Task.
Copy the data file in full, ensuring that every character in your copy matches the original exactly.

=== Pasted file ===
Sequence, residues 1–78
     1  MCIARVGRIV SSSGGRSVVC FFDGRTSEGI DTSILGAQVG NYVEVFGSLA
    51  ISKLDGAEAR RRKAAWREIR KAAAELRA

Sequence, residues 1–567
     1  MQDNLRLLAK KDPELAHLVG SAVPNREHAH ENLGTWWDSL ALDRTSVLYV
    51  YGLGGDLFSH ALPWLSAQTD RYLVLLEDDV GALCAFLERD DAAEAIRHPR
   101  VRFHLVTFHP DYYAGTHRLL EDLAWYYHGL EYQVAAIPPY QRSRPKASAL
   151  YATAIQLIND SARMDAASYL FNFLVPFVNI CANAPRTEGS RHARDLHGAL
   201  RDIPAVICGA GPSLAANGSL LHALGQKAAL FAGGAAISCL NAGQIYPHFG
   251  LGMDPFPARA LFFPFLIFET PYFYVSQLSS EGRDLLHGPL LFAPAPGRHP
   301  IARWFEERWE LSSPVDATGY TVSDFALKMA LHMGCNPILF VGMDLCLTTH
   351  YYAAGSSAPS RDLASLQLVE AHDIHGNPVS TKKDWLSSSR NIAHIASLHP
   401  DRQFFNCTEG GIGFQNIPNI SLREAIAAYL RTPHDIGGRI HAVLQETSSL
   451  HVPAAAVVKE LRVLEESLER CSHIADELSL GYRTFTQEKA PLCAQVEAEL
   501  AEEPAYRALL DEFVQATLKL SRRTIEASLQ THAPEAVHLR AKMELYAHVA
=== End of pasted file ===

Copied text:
Sequence, residues 1–78
     1  MCIARVGRIV SSSGGRSVVC FFDGRTSEGI DTSILGAQVG NYVEVFGSLA
    51  ISKLDGAEAR RRKAAWREIR KAAAELRA

Sequence, residues 1–567
     1  MQDNLRLLAK KDPELAHLVG SAVPNREHAH ENLGTWWDSL ALDRTSVLYV
    51  YGLGGDLFSH ALPWLSAQTD RYLVLLEDDV GALCAFLERD DAAEAIRHPR
   101  VRFHLVTFHP DYYAGTHRLL EDLAWYYHGL EYQVAAIPPY QRSRPKASAL
   151  YATAIQLIND SARMDAASYL FNFLVPFVNI CANAPRTEGS RHARDLHGAL
   201  RDIPAVICGA GPSLAANGSL LHALGQKAAL FAGGAAISCL NAGQIYPHFG
   251  LGMDPFPARA LFFPFLIFET PYFYVSQLSS EGRDLLHGPL LFAPAPGRHP
   301  IARWFEERWE LSSPVDATGY TVSDFALKMA LHMGCNPILF VGMDLCLTTH
   351  YYAAGSSAPS RDLASLQLVE AHDIHGNPVS TKKDWLSSSR NIAHIASLHP
   401  DRQFFNCTEG GIGFQNIPNI SLREAIAAYL RTPHDIGGRI HAVLQETSSL
   451  HVPAAAVVKE LRVLEESLER CSHIADELSL GYRTFTQEKA PLCAQVEAEL
   501  AEEPAYRALL DEFVQATLKL SRRTIEASLQ THAPEAVHLR AKMELYAHVA